September Kiva Loan

The start of school left little time for blogging, but I did manage to find time to make my September Kiva loan.

Akouavi lives in Togo with her young son. My loan will help her buy four jugs of oil, two bags of rice, two bags of beans, one box of tomatoes, two boxes of sugar, one box of toilet paper, three boxes of chicken, and two boxes of fish. I love her specificity!

Image from Kiva



August Kiva Loan

August’s Kiva loan goes to Cecilia from Mexico. She owns a stationary shop full of school and crafting supplies: two things I love! Read more about her below:

photo from Kiva profile page

Cecilia is a hardworking and enterprising woman. In order to have an income, six years ago she started a stationary store in her house which is located on one of the busiest streets in town. The business is called “Papeleria UPS2” and offers a variety of school supplies like pencils, pens, hole-punchers, notebooks, backpacks and more. The requested loan is to stock her store to be prepared for the new school year when they will have lists of supplies needed for kindergarten, primary school and high school. This way she will make more money.

July Kiva Loan

The idea.

Back in January, my book club read Half the Sky: Turning Oppression into Opportunity for Women Worldwide by husband and wife team Nicholas Kristof and Sheryl WuDunn.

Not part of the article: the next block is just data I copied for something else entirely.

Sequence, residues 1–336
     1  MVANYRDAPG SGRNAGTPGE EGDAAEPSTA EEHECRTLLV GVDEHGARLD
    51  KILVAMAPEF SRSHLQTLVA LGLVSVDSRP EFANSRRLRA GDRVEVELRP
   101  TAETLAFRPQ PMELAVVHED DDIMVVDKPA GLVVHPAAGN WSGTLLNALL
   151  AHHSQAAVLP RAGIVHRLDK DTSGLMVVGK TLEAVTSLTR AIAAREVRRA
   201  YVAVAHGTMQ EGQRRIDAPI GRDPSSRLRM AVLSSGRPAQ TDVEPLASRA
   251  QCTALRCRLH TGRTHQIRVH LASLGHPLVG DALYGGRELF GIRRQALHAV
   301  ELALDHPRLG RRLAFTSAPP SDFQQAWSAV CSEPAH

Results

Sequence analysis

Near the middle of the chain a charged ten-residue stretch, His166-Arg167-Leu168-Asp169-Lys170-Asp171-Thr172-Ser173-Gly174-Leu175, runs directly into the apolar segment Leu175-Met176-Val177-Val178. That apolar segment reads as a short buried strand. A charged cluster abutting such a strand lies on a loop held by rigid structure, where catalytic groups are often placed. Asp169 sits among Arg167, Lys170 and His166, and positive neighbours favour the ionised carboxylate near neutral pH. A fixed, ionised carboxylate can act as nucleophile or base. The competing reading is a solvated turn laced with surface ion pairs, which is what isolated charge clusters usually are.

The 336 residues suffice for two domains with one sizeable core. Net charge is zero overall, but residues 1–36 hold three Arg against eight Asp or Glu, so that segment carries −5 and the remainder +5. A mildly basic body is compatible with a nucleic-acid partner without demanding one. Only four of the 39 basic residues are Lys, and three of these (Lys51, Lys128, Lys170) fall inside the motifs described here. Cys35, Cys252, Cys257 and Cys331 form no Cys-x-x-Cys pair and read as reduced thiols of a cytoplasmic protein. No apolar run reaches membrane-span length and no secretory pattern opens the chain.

photo from amazon

The book opened my eyes to the challenges many women face: sex trafficking, gender based violence, and maternal health issues. It also inspired me. Women (and men) taking a stand, sharing their stories in hopes of making a difference. I was moved to action when I read Jill’s plan to provide a monthly microfinance loan through Kiva.

Not sure what mircrofinance loans are? Check out this short video.

The plan.

Once a month, lend money to a Kiva borrower. The borrowers repay me through Kiva and then I can withdraw or reinvest my money.

My first loan.

For July, I chose the Pabaquit Group from Guatemala. Here’s a little about them:

photo from kiva profile page

Mr. Ricardo is married, 37 years old, completed five years of primary school, and has eight children, one of which is school. He works in trade, selling clothing and other merchandise. He started this business as an itinerant vendor, and today, has 15 years of experience. He counts on the support of his wife, who takes care of the domestic tasks.

He decided to organize a group to request a loan that will help him to buy merchandise like socks, scarves, sweaters, jackets, pants, hats, etc. The rest of the group members work in various activities, such as trade and animal husbandry. Ricardo hopes to see his business with its own premises someday.

Guatemala holds a special place in my heart as one of my first international experiences. The perfect place to start!